Monday, February 4, 2013

What is Soul-making Counselling?



A Soul-making therapeutic approach is not like typical psychotherapy which most often views the client as mentally or emotionally sick and in need of a "cure" or "restoration to normalcy". Psychotherapy typically begins with an assumption of mental and emotional illness, with a view to  restoring the client to a state of mental health. Soul-making on the other hand does not view emotional disturbances as automatically stemming from an illness, but rather as normal and necessary internal birth pangs indicating the imminent emergence of a new personality. Soul-making does not focus on restoration but rather on regeneration. Psychotherapy seeks to go back to a prior "healthy" condition while Soul-making therapy seeks to move ahead toward a more complete self.

The goal of Soul-making therapy is not to fix, cure or change your problematic emotions, but to work with them as the containers and carriers of a new aspect of self that wants to be born. In order to do this one must become emotionally literate--to learn a new psychological alphabet that is seldom taught in this culture, enabling one to read and converse with the troubling emotions. We are not dealing with a sick brain but with a living psyche. While there are clearly times that the brain is organically damaged and in need of curative restoration, that is not our approach. We work with a wise psyche that has purpose in our fears, anxieties, failures and depressions.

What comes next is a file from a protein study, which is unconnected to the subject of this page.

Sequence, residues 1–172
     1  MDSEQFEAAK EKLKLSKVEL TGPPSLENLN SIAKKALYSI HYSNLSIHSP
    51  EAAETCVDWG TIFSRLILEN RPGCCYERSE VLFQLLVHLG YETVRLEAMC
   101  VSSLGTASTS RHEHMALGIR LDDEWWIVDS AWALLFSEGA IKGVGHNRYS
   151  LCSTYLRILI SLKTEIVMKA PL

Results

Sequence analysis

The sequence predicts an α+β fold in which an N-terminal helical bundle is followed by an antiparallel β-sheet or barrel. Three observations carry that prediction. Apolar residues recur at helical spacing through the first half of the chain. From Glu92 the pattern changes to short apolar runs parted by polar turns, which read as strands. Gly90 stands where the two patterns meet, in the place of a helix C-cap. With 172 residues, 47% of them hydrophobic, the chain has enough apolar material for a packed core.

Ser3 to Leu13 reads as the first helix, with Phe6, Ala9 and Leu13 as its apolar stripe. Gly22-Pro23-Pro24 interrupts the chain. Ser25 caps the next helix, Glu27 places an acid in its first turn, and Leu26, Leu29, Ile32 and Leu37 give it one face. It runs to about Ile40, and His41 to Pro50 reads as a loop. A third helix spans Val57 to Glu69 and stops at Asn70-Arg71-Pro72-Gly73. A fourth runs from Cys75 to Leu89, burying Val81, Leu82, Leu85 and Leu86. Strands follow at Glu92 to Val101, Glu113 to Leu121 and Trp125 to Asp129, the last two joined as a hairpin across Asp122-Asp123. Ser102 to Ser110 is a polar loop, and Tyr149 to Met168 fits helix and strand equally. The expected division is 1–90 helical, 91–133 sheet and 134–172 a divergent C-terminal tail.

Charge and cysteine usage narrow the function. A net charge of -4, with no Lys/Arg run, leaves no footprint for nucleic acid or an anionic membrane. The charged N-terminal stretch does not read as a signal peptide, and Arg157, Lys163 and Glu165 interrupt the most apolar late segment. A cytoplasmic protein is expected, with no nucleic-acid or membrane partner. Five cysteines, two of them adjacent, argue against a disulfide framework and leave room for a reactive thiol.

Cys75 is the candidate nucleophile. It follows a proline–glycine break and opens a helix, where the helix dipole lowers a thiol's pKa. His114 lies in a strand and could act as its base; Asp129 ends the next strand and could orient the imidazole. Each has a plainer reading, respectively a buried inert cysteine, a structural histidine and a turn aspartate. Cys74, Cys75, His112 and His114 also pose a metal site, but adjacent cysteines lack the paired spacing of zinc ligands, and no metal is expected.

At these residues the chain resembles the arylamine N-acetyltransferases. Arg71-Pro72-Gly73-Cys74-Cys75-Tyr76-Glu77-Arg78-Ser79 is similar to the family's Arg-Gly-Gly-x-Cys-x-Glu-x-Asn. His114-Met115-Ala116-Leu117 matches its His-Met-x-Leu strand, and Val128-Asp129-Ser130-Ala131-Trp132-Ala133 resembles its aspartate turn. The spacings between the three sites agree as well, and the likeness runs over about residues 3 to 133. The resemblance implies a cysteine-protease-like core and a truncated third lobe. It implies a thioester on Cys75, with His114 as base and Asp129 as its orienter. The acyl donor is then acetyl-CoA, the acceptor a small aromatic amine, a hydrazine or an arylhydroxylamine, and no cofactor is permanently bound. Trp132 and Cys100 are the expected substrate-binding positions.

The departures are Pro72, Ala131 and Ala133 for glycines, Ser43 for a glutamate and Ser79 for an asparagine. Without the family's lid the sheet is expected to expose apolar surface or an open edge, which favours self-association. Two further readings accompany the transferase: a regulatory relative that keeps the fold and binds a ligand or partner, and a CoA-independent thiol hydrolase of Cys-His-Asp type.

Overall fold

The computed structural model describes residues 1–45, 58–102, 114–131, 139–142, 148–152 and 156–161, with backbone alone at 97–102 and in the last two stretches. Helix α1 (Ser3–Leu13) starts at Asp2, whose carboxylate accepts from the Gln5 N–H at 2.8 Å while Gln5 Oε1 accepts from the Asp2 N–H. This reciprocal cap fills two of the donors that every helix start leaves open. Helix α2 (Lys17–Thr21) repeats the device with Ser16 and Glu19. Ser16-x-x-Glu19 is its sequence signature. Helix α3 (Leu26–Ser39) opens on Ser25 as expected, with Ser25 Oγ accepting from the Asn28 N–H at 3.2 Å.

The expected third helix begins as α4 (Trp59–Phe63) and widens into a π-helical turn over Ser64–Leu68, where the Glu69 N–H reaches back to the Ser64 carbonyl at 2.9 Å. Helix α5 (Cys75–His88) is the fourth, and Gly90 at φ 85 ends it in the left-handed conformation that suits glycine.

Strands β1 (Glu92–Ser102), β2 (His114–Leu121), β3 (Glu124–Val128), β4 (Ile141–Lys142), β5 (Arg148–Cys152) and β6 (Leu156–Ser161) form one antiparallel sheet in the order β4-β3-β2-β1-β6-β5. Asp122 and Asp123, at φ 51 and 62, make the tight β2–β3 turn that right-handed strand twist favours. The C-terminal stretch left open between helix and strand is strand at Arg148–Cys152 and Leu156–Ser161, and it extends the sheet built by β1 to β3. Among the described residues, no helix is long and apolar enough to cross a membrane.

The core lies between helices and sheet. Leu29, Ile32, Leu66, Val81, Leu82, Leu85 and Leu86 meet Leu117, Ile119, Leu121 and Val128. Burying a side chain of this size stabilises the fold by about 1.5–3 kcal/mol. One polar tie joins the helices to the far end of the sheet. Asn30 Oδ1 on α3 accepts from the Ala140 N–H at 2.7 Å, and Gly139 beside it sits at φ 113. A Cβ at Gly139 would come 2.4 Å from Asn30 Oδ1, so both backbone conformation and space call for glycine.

Part of what Soul-making therapy does is to set aside the word "normal". You are not a statistic, nor are you meant to be "like" anybody else, in spite of what many psychotherapists, self help teachers, politicians and ministers might say. Soul sees all emotions as normal, especially in the midst of our messes, and soul speaks through our dysfunctions, addictions and disorders.

Often the intention of these disturbing emotions is to slow one down long enough to reflect deeply in order to become deeper, to wander through tangled experiences thoughtfully and meaningfully rather than unconsciously sprinting to the finish line of health and success. Soul is not concerned about security, certainty or how much money you make, yet ironically people who cultivate their souls are inclined to become more secure and successful in everything they do.

I always suggest that people continue their other therapeutic and spiritual programs which aim at bottom line results. Soul-making therapy is not meant to replace other therapies or spiritual practices. There is room for all.

Finally, I highly recommend two books: The first is by James Hollis, The Middle Passage: From Misery to Meaning in Midlife, and the other is a book by James Hillman, The Soul's Code: In Search of Character and Calling. These books will assist the reader in becoming emotionally literate, moving him/her toward the experience of seeing and doing life differently. This is my approach. It is not for everyone.

I look forward to your call.

206-459-4474


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